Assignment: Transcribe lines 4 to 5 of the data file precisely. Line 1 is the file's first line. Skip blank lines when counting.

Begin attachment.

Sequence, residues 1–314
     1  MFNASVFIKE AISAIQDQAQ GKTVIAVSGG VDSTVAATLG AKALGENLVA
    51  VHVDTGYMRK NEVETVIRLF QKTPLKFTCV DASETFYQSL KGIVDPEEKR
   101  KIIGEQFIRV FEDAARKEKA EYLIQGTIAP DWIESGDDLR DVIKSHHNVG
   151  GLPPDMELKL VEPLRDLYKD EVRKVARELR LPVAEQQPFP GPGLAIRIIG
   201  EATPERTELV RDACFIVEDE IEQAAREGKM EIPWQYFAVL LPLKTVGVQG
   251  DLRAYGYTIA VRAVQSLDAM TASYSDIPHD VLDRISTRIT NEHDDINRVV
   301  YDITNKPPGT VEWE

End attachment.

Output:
   101  KIIGEQFIRV FEDAARKEKA EYLIQGTIAP DWIESGDDLR DVIKSHHNVG
   151  GLPPDMELKL VEPLRDLYKD EVRKVARELR LPVAEQQPFP GPGLAIRIIG